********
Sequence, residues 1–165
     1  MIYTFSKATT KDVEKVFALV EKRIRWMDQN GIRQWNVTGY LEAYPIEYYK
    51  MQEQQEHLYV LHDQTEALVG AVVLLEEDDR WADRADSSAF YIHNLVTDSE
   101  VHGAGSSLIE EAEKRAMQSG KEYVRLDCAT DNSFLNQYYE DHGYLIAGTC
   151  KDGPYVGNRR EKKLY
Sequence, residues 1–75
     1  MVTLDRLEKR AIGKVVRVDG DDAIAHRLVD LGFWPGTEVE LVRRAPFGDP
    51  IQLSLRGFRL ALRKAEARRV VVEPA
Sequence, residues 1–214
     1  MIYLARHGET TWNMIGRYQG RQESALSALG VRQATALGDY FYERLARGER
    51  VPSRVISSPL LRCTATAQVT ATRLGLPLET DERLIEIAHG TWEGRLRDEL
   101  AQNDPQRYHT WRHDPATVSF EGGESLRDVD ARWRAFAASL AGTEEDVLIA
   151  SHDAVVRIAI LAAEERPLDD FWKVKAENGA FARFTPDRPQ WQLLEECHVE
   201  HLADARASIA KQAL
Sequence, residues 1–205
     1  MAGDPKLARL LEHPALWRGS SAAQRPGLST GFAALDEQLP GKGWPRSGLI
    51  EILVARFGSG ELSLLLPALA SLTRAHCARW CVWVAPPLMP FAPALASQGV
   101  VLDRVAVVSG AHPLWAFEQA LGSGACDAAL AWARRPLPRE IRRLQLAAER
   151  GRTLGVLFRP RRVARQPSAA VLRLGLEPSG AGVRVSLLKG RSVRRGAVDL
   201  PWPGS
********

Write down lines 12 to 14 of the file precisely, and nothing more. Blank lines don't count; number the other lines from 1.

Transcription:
   101  AQNDPQRYHT WRHDPATVSF EGGESLRDVD ARWRAFAASL AGTEEDVLIA
   151  SHDAVVRIAI LAAEERPLDD FWKVKAENGA FARFTPDRPQ WQLLEECHVE
   201  HLADARASIA KQAL